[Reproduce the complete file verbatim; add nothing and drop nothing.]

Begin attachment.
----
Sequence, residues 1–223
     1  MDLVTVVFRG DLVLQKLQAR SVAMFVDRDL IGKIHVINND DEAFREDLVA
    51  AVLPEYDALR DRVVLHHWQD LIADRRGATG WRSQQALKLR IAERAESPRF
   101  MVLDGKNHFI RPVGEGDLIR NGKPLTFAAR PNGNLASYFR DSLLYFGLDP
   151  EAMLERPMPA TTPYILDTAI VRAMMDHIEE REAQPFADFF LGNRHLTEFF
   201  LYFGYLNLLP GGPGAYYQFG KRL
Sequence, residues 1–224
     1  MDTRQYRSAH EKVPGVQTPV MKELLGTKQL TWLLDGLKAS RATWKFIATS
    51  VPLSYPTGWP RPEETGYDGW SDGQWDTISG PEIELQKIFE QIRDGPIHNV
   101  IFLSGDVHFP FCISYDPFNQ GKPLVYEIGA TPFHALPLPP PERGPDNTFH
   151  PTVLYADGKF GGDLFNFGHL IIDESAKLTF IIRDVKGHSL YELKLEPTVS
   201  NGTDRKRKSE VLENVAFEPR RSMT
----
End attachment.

Sequence, residues 1–223
     1  MDLVTVVFRG DLVLQKLQAR SVAMFVDRDL IGKIHVINND DEAFREDLVA
    51  AVLPEYDALR DRVVLHHWQD LIADRRGATG WRSQQALKLR IAERAESPRF
   101  MVLDGKNHFI RPVGEGDLIR NGKPLTFAAR PNGNLASYFR DSLLYFGLDP
   151  EAMLERPMPA TTPYILDTAI VRAMMDHIEE REAQPFADFF LGNRHLTEFF
   201  LYFGYLNLLP GGPGAYYQFG KRL
Sequence, residues 1–224
     1  MDTRQYRSAH EKVPGVQTPV MKELLGTKQL TWLLDGLKAS RATWKFIATS
    51  VPLSYPTGWP RPEETGYDGW SDGQWDTISG PEIELQKIFE QIRDGPIHNV
   101  IFLSGDVHFP FCISYDPFNQ GKPLVYEIGA TPFHALPLPP PERGPDNTFH
   151  PTVLYADGKF GGDLFNFGHL IIDESAKLTF IIRDVKGHSL YELKLEPTVS
   201  NGTDRKRKSE VLENVAFEPR RSMT